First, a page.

Gradients and First Principles: Exercise 1

by Batool Akmal

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    00:01 Welcome back, I hope you've attempted the questions that we just previously set and you've enjoyed the two challenges that we're in there.

    00:08 Let's get you out of your misery now and just go through the solution.

    00:11 So let's start with the first one.

    00:13 We were looking at differentiate square root of x.

    00:16 Now remember I said, attempt to differentiate it using first principles and also using the faster method of differentiation, so we'll see both now.

    00:27 So we have a function y equals to square root of x or f of x equals to square root of x.

    00:34 I'm going to remind you of the first principles formula 'cause that's where we'll start with.

    00:39 So remember the first principle states that the gradient dy/dx, as the limit of delta x tends to zero is f of x plus delta x minus f of x all over delta x.

    00:51 Right, let's now use this function or this definition on to our function that has been given to us.

    01:01 So in this case when we use dy/dx of the limit, delta x tends to zero.

    01:07 Our original function is now square root of x, so we need to add delta x to the value of x.

    01:13 So what we'll have here is x plus delta x, take away the original function and divide it by delta x.

    01:21 You can re-write this function as a power, so if you recall that the square root has a power of a half so we can write it as x plus delta x minus x to the power of a half, that's also to the power of a half divided by delta x.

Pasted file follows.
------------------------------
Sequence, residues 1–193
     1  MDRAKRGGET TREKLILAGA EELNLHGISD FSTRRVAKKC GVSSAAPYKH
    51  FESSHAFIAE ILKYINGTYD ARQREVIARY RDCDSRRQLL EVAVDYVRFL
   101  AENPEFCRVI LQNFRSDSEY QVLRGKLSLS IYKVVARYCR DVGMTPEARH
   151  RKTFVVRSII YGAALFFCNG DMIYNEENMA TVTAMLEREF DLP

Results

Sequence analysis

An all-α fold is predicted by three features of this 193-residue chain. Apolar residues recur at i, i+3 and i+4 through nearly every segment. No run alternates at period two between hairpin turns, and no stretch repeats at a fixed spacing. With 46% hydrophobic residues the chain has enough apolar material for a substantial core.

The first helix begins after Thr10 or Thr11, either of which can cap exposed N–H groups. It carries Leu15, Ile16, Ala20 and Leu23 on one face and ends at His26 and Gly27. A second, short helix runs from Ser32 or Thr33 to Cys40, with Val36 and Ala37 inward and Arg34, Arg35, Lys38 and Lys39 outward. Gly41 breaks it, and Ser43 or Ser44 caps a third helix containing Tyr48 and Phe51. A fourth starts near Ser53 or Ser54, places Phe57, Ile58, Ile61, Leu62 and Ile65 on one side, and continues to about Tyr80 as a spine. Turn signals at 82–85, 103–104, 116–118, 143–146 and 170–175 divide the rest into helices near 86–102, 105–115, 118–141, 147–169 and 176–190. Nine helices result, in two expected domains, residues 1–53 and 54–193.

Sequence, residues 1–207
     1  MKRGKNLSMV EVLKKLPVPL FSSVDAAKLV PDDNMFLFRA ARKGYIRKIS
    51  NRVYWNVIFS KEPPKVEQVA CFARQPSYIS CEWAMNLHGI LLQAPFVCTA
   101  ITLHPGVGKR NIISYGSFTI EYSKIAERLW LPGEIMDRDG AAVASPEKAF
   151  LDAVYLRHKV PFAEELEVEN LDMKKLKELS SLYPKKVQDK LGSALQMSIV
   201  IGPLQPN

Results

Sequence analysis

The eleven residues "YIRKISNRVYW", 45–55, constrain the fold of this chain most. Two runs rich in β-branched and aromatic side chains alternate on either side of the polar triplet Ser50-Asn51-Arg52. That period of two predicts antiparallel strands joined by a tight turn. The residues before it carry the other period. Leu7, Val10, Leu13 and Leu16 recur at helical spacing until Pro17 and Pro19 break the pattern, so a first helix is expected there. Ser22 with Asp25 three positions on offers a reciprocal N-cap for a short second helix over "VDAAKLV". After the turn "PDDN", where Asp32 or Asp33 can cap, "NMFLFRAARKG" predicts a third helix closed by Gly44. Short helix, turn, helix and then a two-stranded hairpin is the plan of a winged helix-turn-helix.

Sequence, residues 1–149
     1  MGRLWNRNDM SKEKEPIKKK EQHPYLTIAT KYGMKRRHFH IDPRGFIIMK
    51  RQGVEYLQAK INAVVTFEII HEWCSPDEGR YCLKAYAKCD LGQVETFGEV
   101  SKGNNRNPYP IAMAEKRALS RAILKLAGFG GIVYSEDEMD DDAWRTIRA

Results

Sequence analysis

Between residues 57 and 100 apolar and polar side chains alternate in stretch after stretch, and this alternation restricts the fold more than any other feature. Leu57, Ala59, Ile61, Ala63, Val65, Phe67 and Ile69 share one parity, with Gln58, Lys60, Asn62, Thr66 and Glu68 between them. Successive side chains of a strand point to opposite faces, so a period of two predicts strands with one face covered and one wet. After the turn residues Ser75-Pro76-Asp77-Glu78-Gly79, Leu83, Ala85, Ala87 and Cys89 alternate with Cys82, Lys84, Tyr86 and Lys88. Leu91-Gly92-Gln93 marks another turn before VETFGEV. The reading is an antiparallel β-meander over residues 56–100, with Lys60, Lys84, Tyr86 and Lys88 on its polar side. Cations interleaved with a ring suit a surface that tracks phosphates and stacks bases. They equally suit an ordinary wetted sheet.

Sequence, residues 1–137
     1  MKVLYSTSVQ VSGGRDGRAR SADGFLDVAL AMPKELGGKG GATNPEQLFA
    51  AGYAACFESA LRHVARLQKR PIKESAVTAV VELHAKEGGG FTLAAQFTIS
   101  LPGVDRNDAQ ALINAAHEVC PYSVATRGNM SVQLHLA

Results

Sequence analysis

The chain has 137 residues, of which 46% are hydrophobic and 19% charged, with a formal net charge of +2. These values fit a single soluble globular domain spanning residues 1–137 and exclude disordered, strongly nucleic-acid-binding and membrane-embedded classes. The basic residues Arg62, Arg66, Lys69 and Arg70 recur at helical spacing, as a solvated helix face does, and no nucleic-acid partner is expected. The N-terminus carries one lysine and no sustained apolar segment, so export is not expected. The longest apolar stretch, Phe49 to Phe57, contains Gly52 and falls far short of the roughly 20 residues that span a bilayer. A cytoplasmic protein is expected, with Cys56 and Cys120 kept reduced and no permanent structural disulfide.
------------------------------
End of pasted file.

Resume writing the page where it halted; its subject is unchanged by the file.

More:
01:38 Okay, now usually this stage isn't a problem because all we have to do is expand it.

    01:44 However, expanding something like this isn't as straightforward as the questions that we have done in the examples.

    01:50 If you really think hard, you will remember that in order to differentiate a function like this, you need to use the binomial theorem.

    01:58 For the ones you've forgotten we'll quickly just have a recap on the side of binomial theorem.

    02:04 So if we just do that here on the side, if I remind you of binomial theorem in general, so we have binomial theorem here.

    02:12 Looking at a function or expanding something like a plus x to the power of n.

    02:22 In order to expand this, you start with the highest power of a and the lowest power of x and you use nCr which is the factorial method.

    02:32 So if I just remind you how that works it goes a to the n, x to the power of zero over zero factorial.

    02:39 Our next value will be n so you bring the power to the front.

    02:43 We now reduce the power of a and minus 1 and you increase the power of x over 1 factorial.

    02:50 And then you can see that you were starting to form a pattern, let me just go on the next line.

    02:55 Our next value will be n, n minus 1, a, n minus 2 to x to the power of 2 over 2 factorial and so on and you keep going. So the next term will be n, n minus 1, n minus 2, a to the n minus 3 and then x to the power of 3 over 2 factorial.

    03:17 So in order to expand something like this we will have to use the binomial theorem on here.

    03:23 Now we only really need to use the first two terms of the binomial theorem in this case.

    03:28 And I'll explain why that is shortly when we actually get to the final result.

    03:32 Okay, so now that we've derived the binomial theorem or we have it here on the side, we're now going to apply it to this expansion and we'll expand it binomially.

    03:42 Let's have a look at how we do this, so we've got x plus delta x to the power of a half.

    03:48 If you compare each term with the binomial theorem you can see that this is now a.

    03:53 This is your x and this term here is your n.

    03:56 So let's start to put each one of them in place of the binomial theorem here.